Tag Archive for Retirement

Do You Know When You’re Going to Die?


How long will your savings last?


What an uplifting question!


But in retirement planning, it is probably the MOST IMPORTANT question and the most impossible to answer.  If we all knew how long our savings would need to last, it would be so easy to determine how much we could afford to spend during retirement, what age to retire, how much risk to take for growth, and on and on.


Just for fun (I know, an odd idea of fun), I went onto a website I’d heard about for years.  It’s called The Death Clock (www.deathclock.com) and by filling out just a few fields, I got my exact date of death.  I’m reluctant to tell you in a public forum because then thieves will know when my funeral will be and take the opportunity to rob my house.


Oh, what the heck! I’m not using that stuff anymore so let them have it.  My estimated date of death is September 30, 2073.  Wow.  Those would have to be some old thieves, too, so I guess my house is safe.

Here are a few areas of perspective this gave me:


  • That is age 101. I hope I don’t look a day over 80.
  • At today’s standard retirement age of 65, I’ll need my savings to support me for 36 years. Sounds like a reason to work until at least 70.
  • If my sons have kids by age 30 and their kids have kids by age 30, I’ll live to see my first great-grandchild enter his pre-teen years.
  • If my husband lives as long as I do (and he has 3 living grandparents, so why wouldn’t he) we will be married for 77 years.


And the last item of perspective I will share is this:  If I make on average 2 major decisions per week (where to send my kid to middle school, how to invest my savings) and 50 small ones (what to wear to a meeting, what to cook for dinner, People Magazine or Us Weekly), I will make over 154,000 decisions between now and my appointment with Mr. Reaper.  Some will be good, some not so great, but since I have until 2073 to see the ultimate results, I think I’ll try to chill out a little.

Kristi’s Quotes: Will a New Year’s Resolution Help Your Retirement?

Financial Planner

Striving to improve our lives is part of being human. We all have things, personal and professional, we want to accomplish, goals we want to achieve, things we want to change about ourselves. That’s why we have the New Year’s resolution.

Wavering in our resolve is also part of being human, which is why New Year’s resolutions can be so difficult to keep. But add the prospect of financial gain into the equation and suddenly a resolution seems far more attainable.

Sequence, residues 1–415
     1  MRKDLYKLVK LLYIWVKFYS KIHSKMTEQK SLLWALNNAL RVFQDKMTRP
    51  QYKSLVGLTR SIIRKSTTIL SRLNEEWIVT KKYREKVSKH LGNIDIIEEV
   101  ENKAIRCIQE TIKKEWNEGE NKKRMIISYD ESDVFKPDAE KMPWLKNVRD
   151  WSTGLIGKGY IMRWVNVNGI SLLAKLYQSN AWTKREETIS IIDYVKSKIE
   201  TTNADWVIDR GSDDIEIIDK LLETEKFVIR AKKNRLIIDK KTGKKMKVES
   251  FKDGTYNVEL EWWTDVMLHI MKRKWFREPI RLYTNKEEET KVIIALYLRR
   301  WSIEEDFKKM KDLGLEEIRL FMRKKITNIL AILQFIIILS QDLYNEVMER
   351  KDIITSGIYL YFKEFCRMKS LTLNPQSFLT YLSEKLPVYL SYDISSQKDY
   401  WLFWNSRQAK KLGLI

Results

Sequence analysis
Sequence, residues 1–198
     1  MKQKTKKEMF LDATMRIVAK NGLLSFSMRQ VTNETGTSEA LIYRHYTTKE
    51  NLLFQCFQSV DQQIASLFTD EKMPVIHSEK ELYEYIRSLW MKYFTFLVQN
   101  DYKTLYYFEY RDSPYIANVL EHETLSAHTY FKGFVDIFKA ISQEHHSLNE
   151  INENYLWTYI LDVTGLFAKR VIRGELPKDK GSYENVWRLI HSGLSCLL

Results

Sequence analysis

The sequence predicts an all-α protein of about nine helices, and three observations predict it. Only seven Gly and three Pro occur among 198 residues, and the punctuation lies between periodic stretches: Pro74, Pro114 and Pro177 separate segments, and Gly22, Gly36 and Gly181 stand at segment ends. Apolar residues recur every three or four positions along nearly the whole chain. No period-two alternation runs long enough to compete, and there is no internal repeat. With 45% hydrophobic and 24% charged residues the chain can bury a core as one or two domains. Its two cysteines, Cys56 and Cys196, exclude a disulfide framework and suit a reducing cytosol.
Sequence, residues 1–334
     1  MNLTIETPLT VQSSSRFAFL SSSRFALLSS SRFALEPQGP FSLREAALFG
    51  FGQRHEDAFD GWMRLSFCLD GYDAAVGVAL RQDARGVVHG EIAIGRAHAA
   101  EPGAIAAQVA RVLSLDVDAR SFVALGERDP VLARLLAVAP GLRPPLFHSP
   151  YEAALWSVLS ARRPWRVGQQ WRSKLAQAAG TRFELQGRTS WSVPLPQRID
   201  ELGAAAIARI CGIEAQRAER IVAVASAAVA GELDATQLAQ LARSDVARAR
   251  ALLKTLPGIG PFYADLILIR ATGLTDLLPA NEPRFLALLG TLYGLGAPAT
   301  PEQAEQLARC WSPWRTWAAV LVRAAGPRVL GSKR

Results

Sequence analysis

A little psychological gamesmanship can help in that regard. “The word ‘resolution’ has a negative feeling to it,” says Kristi C. Sullivan, a Certified Financial Planner™ (CFP®) in Denver, Colo. “People dread New Year’s resolutions because they usually involve other negative words like ‘diet,’ ‘budget,’ and ‘gym.’” To overcome that negativity, she suggests….

Click here for more….

Kristi’s Quotes: CNBC.com Asks Kristi about Retirement Planning

Financial Planner

CNBC.com says: When people reach their 50s, a common realization is how close retirement is getting — and how far they are from having enough money to enjoy life after work.

While they know more of their money should end up in their 401(k) plans or individual retirement accounts, the path to get it there is often unclear. Given that the average retirement age is 64 for men and 62 for women, 50-somethings who are falling short need to get serious about fattening up their nest egg.

Click here for more….

Kristi’s Quotes: Money Management and Aging Parents

Financial Planner

Your first instinct as a child may be to drop everything and handle all your parents’ needs yourself. But if it comes at the cost of your own career, think about the ripple effects – on your retirement savings, on the needs of your own kids, even on your own sanity.

Denver financial planner Kristi Sullivan recommends hiring a case manager to do the heavy lifting. ”For an hourly fee, these people can handle tasks quickly that it might take you hours to do….” (Click here for more.)

Budgeting Method #1 – The Envelope System

William Shatner Saving Money

Budget Method #1:  Envelope System

Maybe you’ve heard your grandparents talk about how they managed money in their younger years.  They got paid, cashed their paychecks, and divided cash into envelopes labeled for each monthly bill:  Rent, utilities, groceries, gas, clothes, and entertainment.   When the cash in each envelope ran out, you were done spending in that category for until the next paycheck came.

Thanks to Dave Ramsey and other financial media darlings, this method is coming back into vogue.  It’s not realistic these days to live your life in an all cash method.  Mortgage companies and most landlords require the ability to automatically deduct payment from your checking account.  It’s hard to pay your utility bill in cash, let alone your cellphone bill and other monthly recurring costs.

There are, however, lots of expenditures that can be paid for in cash.  These purchases often fall in the discretionary spending category and might benefit from the Envelope System.  For example:

  • Happy Hours
  • Clothes/Shoes/Accessories
  • Lunches/Dinners out
  • Babysitting (while you are at happy hour, for example)
  • Coffee

One benefit of using the Envelope System and paying for non-essential stuff in cash is the CASH part. Studies show that it is harder to part with green cash than it is to hand over a credit or debit card for payment. Also, when you see your dwindling pile of cash, you are more likely to think twice about that purchase.

The whole point here is to get a handle on your spending so that you are able to save money each month for longer term goals.